Away from his colors, his homies, and his neighborhood, the gang-banger in the backseat of my patrol car was pleasant enough. He talked quietly, then leaned forward to take the weight off his handcuffs and just watched the clouds roll by.
Despite that, you could tell he was nervous. Having just turned eighteen, he was anticipating the criminal element’s version of the manhood ritual, adult jail, and his anxiety was easily understood.
So I spared the kid–I mean adult–the usual lecture. After all, he was a veteran of drive-by shootings, both as (alleged) triggerman and victim, had the blessings of the gang’s shot-caller, and walked the streets with a swagger that, if I were to replicate it, would likely pull several muscles. For all of that, he was just beginning to realize that his increased speed on the road to being a badass would only make the final stop come more rapidly and explosively.
“I’ve been looking for a job,” he told me with a hint of self-consciousness. I told him that was great, and joked that it might cut into his career as a gangster. He ignored my comment and instead talked about the ideas he had for work and the future. This kid–I mean adult–who had given me more dirty looks and frozen stares over the last couple years was talking about the future?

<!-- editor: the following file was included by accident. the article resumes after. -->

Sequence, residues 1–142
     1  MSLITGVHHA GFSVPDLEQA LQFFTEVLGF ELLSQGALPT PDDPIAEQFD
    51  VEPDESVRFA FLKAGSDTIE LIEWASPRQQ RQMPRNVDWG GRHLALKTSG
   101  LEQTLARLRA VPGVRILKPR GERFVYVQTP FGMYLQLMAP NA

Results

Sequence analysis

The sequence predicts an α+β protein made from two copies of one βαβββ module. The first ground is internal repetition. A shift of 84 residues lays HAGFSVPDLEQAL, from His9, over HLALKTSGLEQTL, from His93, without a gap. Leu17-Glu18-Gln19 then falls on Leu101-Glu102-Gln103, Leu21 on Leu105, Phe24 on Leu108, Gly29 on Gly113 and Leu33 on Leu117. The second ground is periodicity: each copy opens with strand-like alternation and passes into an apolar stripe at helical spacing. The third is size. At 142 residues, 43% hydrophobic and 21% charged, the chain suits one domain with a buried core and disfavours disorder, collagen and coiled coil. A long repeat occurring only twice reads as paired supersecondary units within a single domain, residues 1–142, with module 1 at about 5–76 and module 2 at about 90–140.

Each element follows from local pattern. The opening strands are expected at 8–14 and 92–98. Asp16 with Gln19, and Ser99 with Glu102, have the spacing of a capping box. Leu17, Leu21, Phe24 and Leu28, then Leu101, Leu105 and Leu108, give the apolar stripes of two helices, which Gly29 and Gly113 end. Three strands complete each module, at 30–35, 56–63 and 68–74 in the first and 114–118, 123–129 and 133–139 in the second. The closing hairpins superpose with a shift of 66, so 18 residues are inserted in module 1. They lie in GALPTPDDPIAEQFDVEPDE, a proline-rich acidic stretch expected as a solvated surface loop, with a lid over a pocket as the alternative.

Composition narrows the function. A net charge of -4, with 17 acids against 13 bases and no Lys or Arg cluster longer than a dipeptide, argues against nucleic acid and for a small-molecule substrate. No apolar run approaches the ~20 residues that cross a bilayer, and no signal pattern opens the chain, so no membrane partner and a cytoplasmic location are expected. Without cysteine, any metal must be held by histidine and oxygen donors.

Instead of gangs and jail, we discussed options. In the end the conversation looked, smelled and tasted like progress, and it was hard not to get too excited and blow my cool. Gang-bangers (and cops) don’t like to get too squishy.
Will he make a change? We’ll see.
Still, I believe that encounters like this one represent an excellent chance at suppressing gang violence. Some of the kids and adults in thrall to the gang lifestyle have more arrests on their record than they have spent years on this planet, so clearly that routine has its limitations. More important to the future of these kids, and the safety of our communities, are the opportunities available to them to engage in activities that might keep them away from gangs.
Sure, that’s nothing new, but what got me thinking about this incident was Kathleen Merryman’s excellent piece on cuts to kids’ programs on Tacoma’s East Side. These cuts will, unfortunately, cause more kids to wander aimlessly through an area rife with gangs. Recruiting a bored kid wandering the street is obviously a lot easier than convincing one who is enjoying a worthwhile activity.
The end result of short-changing programs for kids, especially in vulnerable areas like Tacoma’s East Side, will be more lost kids and more crime. From a cop’s perspective this will mean more work, more overtime and more money.
Instead, I wish that money were spent at a playground near you.